Isn't that interesting? Hooray for math!
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Comments:
[User Picture]From: pink_halen
2009-06-18 04:50 am (UTC)
I'm happy to say that I didn't have to look up the word penumbra. It's not even the penultimate big word that I know.
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[User Picture]From: goobermunch
2009-06-18 12:15 pm (UTC)
If you were a lawyer, you could have used the word emanation with your penumbra.

--G
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[User Picture]From: annlarimer
2009-06-18 02:47 pm (UTC)
So...you got the same answer that I did ("Dude. It's just a cable."), only...mathier?
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[User Picture]From: dr_tectonic
2009-06-19 03:04 pm (UTC)
Mathier!
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[User Picture]From: annlarimer
2009-06-19 03:05 pm (UTC)
Solid.
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[User Picture]From: zubatac
2009-06-18 04:06 pm (UTC)
But have you considered diffraction at the edges of the object? >=)

[That was a joke, of course. For objects much larger than the wavelength of light, the amount of light affected by diffraction is small compared to the amount of light that's blocked by the object. You'd be better off considering what color your neighbor painted their house.]
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From: detailbear
2009-06-19 04:14 am (UTC)

Or as I learned in my astronomy course...

From http://www.handprint.com/HP/WCL/perspect6.html

the sun has a insignificant angular size (about 1/2° of visual angle) and a relatively small penumbra that grows smaller as the shadow casting object is closer to the shadow receiving surface, which means the sun is effectively a point source that generates parallel rather than divergent rays of light.

for any object at less than astronomical distances.

The difference between the θ/2 (~0.25°) and zero is not measurable by the human eye, and not significant for any man-made structure casting a shadow. (If I've done the math right, the shadow of an object would be about .1 inches wider per 10 feet of distance from the surface, regardless of the width of the object.) On the diagram above, the value of u-x will be approx. 1/1145 of v-y (2 times the inverse of the tangent of 0.25°).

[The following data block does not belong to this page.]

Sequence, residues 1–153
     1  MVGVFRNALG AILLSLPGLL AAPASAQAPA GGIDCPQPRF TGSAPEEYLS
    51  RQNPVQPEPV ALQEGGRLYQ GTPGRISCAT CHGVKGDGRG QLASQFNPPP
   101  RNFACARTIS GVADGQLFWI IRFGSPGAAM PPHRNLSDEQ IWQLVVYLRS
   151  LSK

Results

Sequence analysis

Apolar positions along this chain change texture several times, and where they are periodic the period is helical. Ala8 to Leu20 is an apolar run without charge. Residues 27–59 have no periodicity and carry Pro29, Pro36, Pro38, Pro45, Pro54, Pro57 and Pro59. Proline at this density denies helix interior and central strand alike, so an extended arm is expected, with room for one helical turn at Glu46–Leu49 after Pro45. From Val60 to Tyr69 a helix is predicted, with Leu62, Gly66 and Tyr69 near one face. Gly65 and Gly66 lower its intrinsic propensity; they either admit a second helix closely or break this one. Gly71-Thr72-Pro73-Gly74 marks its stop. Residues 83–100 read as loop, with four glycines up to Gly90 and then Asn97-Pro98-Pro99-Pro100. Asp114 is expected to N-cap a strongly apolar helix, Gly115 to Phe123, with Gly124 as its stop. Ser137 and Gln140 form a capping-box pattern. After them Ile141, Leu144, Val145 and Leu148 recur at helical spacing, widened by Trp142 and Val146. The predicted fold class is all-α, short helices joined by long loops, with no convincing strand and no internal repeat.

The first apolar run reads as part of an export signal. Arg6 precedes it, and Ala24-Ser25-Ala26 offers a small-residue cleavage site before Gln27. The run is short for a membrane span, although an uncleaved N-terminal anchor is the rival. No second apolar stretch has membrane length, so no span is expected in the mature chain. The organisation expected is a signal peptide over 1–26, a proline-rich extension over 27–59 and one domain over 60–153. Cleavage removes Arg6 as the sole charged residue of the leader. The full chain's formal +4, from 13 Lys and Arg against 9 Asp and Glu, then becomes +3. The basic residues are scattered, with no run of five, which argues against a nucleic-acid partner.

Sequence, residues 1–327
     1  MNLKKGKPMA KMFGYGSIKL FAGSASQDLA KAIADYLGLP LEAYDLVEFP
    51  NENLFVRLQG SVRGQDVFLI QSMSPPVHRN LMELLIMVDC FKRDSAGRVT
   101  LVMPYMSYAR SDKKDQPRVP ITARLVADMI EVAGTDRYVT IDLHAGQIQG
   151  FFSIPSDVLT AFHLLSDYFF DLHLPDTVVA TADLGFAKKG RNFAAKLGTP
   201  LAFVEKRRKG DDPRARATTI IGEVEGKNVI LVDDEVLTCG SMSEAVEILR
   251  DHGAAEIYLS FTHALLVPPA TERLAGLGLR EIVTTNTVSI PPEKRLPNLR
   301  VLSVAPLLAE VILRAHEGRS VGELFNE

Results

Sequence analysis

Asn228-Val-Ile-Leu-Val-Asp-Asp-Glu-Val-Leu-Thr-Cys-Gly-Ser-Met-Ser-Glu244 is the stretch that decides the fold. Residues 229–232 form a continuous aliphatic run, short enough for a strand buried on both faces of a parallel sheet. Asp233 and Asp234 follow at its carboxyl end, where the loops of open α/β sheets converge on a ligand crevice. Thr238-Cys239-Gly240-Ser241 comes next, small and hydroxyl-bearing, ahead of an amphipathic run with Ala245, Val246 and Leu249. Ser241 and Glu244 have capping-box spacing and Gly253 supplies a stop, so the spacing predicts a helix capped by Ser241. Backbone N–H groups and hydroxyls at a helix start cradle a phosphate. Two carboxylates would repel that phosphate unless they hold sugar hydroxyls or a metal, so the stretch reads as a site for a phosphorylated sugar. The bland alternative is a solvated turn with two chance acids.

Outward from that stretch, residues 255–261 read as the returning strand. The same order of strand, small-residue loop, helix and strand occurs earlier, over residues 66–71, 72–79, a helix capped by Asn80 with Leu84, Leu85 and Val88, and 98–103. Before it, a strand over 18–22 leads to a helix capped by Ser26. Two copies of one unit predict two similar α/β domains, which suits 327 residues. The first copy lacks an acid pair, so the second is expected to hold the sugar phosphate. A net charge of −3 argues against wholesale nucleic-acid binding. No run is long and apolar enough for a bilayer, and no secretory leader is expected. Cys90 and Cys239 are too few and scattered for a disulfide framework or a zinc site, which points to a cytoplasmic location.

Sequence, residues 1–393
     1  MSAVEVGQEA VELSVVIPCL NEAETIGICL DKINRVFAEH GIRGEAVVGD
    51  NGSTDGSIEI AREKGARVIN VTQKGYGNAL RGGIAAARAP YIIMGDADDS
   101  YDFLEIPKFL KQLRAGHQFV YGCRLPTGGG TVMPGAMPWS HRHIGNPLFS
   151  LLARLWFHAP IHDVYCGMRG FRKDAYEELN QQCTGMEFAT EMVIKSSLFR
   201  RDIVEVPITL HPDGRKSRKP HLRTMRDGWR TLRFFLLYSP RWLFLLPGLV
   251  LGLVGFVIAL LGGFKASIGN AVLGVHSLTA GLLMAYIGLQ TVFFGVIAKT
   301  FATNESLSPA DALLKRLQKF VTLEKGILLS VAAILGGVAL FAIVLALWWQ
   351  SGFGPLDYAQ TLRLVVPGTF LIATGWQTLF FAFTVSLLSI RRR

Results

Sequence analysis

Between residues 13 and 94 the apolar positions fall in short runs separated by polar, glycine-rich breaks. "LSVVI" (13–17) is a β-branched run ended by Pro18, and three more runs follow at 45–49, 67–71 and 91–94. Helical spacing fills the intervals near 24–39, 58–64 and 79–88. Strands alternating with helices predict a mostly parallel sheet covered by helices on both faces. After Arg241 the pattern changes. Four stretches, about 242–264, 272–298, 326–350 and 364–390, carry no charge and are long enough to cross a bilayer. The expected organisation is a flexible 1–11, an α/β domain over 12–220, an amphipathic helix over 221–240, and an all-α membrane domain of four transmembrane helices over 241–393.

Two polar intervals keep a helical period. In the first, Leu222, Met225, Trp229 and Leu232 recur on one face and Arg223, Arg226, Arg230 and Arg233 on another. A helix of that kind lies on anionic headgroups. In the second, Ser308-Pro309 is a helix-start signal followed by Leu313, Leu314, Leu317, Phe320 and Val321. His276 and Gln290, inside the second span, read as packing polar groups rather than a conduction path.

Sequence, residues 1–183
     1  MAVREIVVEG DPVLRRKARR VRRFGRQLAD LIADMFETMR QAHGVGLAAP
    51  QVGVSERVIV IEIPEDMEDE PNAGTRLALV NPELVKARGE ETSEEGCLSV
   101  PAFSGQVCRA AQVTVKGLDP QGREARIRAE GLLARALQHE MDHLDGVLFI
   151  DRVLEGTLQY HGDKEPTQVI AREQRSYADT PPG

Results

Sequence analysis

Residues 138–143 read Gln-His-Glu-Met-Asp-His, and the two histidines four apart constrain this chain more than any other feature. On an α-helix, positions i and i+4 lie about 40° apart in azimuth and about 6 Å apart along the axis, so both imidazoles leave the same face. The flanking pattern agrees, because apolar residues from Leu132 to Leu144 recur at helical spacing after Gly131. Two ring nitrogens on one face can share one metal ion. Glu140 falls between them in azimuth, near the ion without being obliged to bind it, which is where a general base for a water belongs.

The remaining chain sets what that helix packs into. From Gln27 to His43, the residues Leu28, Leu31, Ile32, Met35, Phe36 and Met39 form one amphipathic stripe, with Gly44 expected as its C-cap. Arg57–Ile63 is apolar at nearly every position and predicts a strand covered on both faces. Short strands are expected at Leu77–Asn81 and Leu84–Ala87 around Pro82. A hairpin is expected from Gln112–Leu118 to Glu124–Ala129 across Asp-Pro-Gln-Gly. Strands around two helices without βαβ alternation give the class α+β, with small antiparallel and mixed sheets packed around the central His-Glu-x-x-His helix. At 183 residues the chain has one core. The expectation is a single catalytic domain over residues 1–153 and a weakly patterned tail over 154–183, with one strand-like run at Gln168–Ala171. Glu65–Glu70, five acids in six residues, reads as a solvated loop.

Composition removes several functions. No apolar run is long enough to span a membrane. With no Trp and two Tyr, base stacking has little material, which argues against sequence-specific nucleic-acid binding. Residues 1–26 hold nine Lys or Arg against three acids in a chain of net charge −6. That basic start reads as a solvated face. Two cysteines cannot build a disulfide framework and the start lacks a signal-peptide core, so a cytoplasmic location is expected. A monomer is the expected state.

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[User Picture]From: dr_tectonic
2009-06-19 03:03 pm (UTC)

Re: Or as I learned in my astronomy course...

The difference between the θ/2 (~0.25°) and zero is not measurable by the human eye

That's not correct, though. The sun has a visible disc. The moon is the same apparent size as the sun and you can easily make out features much smaller than half its width, right?

For the purposes of a drawing, solar illumination is parallel and point-source-like, sure, especially in comparison to other light sources, but the solar disc is still finite and gives you a penumbra.

It's easy enough to check experimentally: take something small outside and observe how its shadow changes as you move it away from the ground. I used my keyring, which is probably, what, a quarter inch? Sixth of an inch? It's hard to tell exactly where the umbra runs out, but the shadow is definitely completely fuzzed-out by two feet up. If the ratio were 1/1145, it would be at least 11 or 12 feet...
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[User Picture]From: annlarimer
2009-06-19 03:07 pm (UTC)

Re: Or as I learned in my astronomy course...

Wait. Are you saying you've stared at the sun to try to make out individual features?

Because that's really gonna fuck up your math.
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[User Picture]From: dr_tectonic
2009-06-19 03:11 pm (UTC)

Re: Or as I learned in my astronomy course...

OH GOD MY EYES!

THE GOGGLES, THEY DO NOTHING! (Well, aside from look cool.)